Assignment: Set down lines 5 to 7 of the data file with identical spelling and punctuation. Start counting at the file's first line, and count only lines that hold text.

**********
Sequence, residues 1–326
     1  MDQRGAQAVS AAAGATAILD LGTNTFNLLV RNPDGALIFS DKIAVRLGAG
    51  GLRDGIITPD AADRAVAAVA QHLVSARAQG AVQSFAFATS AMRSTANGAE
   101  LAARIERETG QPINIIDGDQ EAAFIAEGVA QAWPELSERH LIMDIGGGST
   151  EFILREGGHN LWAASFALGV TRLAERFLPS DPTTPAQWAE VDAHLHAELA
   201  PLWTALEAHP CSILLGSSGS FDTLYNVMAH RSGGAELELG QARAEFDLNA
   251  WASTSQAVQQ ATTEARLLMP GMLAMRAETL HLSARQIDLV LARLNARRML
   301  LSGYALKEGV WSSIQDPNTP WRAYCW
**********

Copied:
   151  EFILREGGHN LWAASFALGV TRLAERFLPS DPTTPAQWAE VDAHLHAELA
   201  PLWTALEAHP CSILLGSSGS FDTLYNVMAH RSGGAELELG QARAEFDLNA
   251  WASTSQAVQQ ATTEARLLMP GMLAMRAETL HLSARQIDLV LARLNARRML